Lady Gaga’s mind-blowing Bowie tribute was made possible by Intel

Intel's processors helped the pop star shine.

 

Selena Larson

Tech

Published Feb 16, 2016   Updated May 27, 2021, 5:13 am CDT

Lady Gaga’s impressive and moving tribute to David Bowie during Monday night’s Grammy Awards was one of the highlights of the music awards show. The nine-song tribute honored Bowie, one of the pop star’s heroes who passed away in January

Featured Video Hide

Along with Lady Gaga’s musical talents and Bowie’s transcendent music, what made the production so compelling was the tech that helped to power it. Everything from Lady Gaga’s makeup to the stage to musical instruments were modified using Intel technology. 

Advertisement Hide

The production opened up with digital skin, or an animated face of projected makeup that let Lady Gaga portray a number of different iconic Bowie looks in seconds without needing a costume change. The tech tracked her facial movements and applied the makeup wherever she looked. Additionally, Lady Gaga wore a ring powered by the Curie, a wearable module that let her control how the audience viewed her special effects by moving her wrists and arms. 

CBS

Intel also turned Lady Gaga’s piano into a robotic device that moved along with the music with three robotic arms, and holograms controlled by the Curie-powered ring helped to generate a Bowie hologram. 

Advertisement Hide

“Two major elements here that kept us all tense right until the last minute,” Paul Tapp, director of technology at Intel, said in an interview with the Daily Dot. “One was we’d never done this stuff like this before, and second it was live.”

Intel started talking with Lady Gaga in September of last year, and as Tapp explained, the pop megastar is tech-friendly and not afraid to take risks in a performance. The wearable tech was one of the elements Lady Gaga wanted to incorporate into a production, but beyond that, she wondered how Intel might be able to assist with things like makeup that traditionally require costume changes.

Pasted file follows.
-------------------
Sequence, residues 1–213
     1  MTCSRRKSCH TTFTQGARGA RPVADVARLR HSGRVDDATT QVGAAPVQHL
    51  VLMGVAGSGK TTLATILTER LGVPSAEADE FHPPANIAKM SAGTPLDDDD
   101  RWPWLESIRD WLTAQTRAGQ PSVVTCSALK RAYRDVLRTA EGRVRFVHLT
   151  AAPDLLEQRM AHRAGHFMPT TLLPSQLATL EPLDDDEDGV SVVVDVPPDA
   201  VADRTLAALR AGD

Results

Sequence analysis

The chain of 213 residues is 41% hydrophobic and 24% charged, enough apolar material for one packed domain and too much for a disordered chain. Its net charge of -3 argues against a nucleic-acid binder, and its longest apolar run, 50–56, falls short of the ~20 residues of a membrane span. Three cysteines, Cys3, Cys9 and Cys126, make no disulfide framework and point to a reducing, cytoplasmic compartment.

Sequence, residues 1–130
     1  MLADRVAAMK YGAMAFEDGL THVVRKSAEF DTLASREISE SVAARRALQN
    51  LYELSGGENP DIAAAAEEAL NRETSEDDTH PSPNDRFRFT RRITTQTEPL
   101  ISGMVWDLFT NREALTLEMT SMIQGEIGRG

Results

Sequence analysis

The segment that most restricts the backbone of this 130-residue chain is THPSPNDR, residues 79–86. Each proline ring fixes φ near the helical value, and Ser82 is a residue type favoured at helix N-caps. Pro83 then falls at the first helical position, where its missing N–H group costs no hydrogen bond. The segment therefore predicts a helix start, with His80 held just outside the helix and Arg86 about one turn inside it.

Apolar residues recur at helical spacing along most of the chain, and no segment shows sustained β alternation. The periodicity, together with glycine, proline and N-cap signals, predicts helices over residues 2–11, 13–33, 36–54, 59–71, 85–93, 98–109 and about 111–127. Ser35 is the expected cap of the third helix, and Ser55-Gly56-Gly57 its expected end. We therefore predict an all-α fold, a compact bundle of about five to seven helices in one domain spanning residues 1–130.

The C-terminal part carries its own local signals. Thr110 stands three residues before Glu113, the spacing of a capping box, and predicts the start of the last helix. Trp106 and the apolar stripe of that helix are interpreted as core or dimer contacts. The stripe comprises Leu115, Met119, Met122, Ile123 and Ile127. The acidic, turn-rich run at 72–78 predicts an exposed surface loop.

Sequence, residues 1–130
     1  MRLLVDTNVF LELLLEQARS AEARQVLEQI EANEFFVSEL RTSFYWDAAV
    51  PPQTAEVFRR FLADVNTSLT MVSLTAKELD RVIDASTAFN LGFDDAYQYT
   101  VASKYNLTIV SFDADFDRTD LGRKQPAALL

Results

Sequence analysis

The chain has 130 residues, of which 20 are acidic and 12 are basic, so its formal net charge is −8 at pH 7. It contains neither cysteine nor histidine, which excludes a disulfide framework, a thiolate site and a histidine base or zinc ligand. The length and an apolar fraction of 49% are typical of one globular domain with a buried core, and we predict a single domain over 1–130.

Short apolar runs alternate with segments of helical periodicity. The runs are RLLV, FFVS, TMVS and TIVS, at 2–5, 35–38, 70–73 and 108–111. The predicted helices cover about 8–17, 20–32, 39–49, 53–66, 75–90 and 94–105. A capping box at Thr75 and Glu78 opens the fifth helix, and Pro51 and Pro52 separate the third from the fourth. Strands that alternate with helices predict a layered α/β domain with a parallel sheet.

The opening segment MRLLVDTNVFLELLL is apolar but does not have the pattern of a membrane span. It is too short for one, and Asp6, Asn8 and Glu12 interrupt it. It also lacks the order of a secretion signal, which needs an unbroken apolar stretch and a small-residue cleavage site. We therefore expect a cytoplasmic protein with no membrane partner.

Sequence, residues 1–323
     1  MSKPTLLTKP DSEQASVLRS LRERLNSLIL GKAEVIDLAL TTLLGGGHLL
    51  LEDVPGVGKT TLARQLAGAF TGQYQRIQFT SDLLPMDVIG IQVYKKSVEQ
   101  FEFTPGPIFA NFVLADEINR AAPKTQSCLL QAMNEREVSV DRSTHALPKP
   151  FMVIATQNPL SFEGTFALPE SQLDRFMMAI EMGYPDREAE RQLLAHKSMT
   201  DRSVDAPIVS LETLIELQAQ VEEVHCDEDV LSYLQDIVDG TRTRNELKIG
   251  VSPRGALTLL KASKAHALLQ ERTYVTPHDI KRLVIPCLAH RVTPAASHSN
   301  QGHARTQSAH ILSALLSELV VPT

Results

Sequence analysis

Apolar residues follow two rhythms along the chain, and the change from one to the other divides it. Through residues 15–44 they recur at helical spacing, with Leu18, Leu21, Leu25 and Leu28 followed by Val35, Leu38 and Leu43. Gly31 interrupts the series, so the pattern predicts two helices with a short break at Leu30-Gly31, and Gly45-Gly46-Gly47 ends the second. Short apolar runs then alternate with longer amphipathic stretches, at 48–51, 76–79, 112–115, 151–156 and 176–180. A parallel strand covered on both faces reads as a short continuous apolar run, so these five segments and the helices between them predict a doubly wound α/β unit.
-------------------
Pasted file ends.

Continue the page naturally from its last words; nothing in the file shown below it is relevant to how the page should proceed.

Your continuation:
CBS

Just before Christmas, the entertainer and tech company began solidifying ideas and locking down technically feasible plans in time for the mid-February Grammy Awards. Then, the unexpected happened. Bowie died of cancer in early January, and Lady Gaga decided to perform a tribute to the man who inspired her so much, and helped her become the performer she is today. 

Advertisement Hide

“To be honest, we were slightly nervous about the time frame that that then left us to go and work with,” Tapp said. “We agreed though, it makes total sense. You have to do it as an artist. And also, Bowie had such a rich catalog to work with. If you look back at his repertoire over the decades, there are so many looks, themes, colors, technology. He was also someone that just really broke the status quo.”

CBS

Despite the short timeline, Intel and Lady Gaga succeeded in creating an engaging and extravagant performance. When Lady Gaga moved, the stage environment moved with her, and even the piano danced. 

Advertisement Hide

This production might seem more tech-powered than traditional performances, whether they be live on television or on tour, but Tapp says that many artists are already using technology and the audience probably can’t tell. From complex lighting and audio to projectors and calibrating speakers and different types of content on stage, technology and tiny but mighty chips like Intel’s are the backbone that controls it all. 

This isn’t the first time the pop star has collaborated with the tech giant. In January, Intel announced a partnership with Lady Gaga’s Born This Way Foundation to find technical solutions to online harassment and hate speech. 

Intel hasn’t formalized any agreements to work with Lady Gaga again, or with other musicians, but it’s likely more artists will begin to intertwine technology and art in large performances. 

Advertisement Hide

CBS

“There’s so much pressure on stage artists especially musicians now, where the flow of money has changed the whole music industry, and performances are becoming increasingly important for them,” Tapp said. 

“The expectations of the audience these days is just going higher and higher … I think that when a creative artist says how can I use technology to unshackle the traditional constraints and liberate my creative freedom, if they’re willing to work with that process and research what technology is available to help them do that, I believe they’re going to be able to do a ton of new things which have not been possible before.”

Advertisement Hide

Photo via Intel

Share this article
*First Published: Feb 16, 2016, 5:32 pm CST